Git: Difference Between 'git fetch' and 'git pull'

As a beginner programmer, or even for many experienced programmers, Git version control can be difficult to learn and master. Much of the reason, in my opinion, is due to the many different commands that exist and the small differences between them.

One such example is the difference between git fetch and git pull. At first glance the name of the commands don't give much hint as to how they differ, so in this article I'll be explaining the difference between the git fetch and git pull commands.

Git Fetch

The fetch command retrieves any commits, references (like tags), branches and files from a remote repository, along with any other corresponding objects. However, not all tags are retrieved as this command only takes the ones that point to commits that you are retrieving. Basically this command fetches anything needed to reconstruct the history of the particular branch you're interested in.

The basic syntax is the following:

$ git fetch <remote-repo> <remote-branch>

Specifying <remote-branch> will only fetch changes from that branch. If this parameter is omitted then changes from all branches are retrieved.

The interesting thing about the fetch command is that it doesn't actually affect anything in your local repo. No working changes will be lost, and you'll see no direct affect on your local branches. This is because Git keeps fetched content separate from your own repo's content until it is merged in.

So, let's say you want to view changes for the "master" branch from the "origin" remote repo before deciding to merge them in to your repo. To do this you could use the following commands:

$ git fetch origin master

Now that you have the changes in your repository, you'll likely want to actually view them, which you can do by just checking out the branch:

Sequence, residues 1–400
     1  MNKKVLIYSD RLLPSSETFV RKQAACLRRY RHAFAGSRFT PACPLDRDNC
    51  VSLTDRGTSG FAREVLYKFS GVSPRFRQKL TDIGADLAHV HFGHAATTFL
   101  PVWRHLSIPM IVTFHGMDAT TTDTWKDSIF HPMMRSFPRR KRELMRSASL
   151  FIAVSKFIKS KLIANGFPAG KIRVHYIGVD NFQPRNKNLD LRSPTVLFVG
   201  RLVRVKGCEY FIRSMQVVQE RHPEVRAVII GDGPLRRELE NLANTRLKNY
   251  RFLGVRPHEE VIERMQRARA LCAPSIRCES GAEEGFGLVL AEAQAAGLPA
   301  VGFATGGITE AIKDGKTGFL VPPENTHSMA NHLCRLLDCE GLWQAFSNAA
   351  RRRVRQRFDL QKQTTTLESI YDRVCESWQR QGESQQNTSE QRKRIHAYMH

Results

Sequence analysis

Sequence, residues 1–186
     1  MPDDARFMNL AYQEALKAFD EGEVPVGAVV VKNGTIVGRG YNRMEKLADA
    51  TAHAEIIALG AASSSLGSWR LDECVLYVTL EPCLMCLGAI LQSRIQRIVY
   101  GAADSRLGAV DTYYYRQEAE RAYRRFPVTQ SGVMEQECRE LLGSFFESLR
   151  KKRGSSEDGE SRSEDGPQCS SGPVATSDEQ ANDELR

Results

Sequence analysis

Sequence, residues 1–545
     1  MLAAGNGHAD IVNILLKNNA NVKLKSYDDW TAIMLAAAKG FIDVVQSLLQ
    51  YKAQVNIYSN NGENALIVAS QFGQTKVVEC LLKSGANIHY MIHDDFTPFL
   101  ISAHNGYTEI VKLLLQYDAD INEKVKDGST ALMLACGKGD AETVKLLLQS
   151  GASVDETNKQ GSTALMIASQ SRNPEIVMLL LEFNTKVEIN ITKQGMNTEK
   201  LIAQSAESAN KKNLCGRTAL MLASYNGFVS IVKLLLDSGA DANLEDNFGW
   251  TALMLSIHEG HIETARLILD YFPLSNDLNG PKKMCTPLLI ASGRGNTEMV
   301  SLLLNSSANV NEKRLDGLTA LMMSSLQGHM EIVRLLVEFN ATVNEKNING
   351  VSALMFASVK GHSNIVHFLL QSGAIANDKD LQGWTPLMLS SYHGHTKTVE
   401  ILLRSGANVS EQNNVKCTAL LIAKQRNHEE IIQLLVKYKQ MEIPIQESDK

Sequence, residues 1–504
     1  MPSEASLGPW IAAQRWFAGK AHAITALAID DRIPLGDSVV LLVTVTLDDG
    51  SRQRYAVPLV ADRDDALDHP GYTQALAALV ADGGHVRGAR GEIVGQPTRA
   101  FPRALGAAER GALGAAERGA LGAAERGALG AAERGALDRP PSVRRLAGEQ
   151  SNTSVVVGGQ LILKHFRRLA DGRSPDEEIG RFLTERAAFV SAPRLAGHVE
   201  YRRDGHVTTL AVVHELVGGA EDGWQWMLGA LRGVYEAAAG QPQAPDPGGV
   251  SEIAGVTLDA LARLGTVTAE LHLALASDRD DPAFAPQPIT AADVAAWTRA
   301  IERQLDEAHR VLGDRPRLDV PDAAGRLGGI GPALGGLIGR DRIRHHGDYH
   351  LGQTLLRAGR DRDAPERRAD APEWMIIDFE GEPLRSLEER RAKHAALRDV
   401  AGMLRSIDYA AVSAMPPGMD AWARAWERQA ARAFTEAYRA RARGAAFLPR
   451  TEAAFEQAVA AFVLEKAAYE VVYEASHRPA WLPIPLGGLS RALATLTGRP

$ git checkout origin/master

This will allow you to see the changes, and it still isn't merged in to any of your own branches.

A quicker way to view these changes would be to just look at the commit logs, which you can do with:

$ git log master..origin/master

Note that this is considered a "safer" method than pull since it does not actually make any changes to your local branches.

Now that we've seen what fetch does and a bit about how it works, let's take a look at pull.

Git Pull

The git pull command is what I'd call a "high level" command. By that I mean that it performs the actions of a few other Git commands in sequence, which I'll explain more about below. In this section, after I describe the difference between fetch and pull, I'll also briefly talk about the numerous different ways the command can be used.

The general syntax is the following:

$ git pull <remote-repo> <remote-branch>

Both the <remote-repo> and <remote-branch> parameters are optional, as long as your current branch is tracking a remote one.

Probably the simplest way to explain this command, and how it's different from fetch, is that it's an alias for two other Git commands, when used in its default mode: fetch and merge. So by running git pull you are essentially running these two commands in sequence:

$ git fetch <remote-repo>
$ git merge FETCH_HEAD

Here FETCH_HEAD is a reference to tip of the last fetch, which is being merged in to your current branch.

So obviously the big difference between fetch and pull is that pull actually performs a fetch in addition to a merge.

Although depending on the option you give to git pull, it may work differently than this. For example, if you add the --rebase option then it will instead use git rebase instead of git merge.

There is also the --no-commit option, which will perform the merge command, but will (as stated in the official documentation) "pretend the merge failed" and not autocommit it. This allows you to take a look at the changes you just fetched before actually committing it to your code.

There are quite a few more options available, most of which are beyond the scope of this article. I'd recommend taking a look at the official documentation for more info.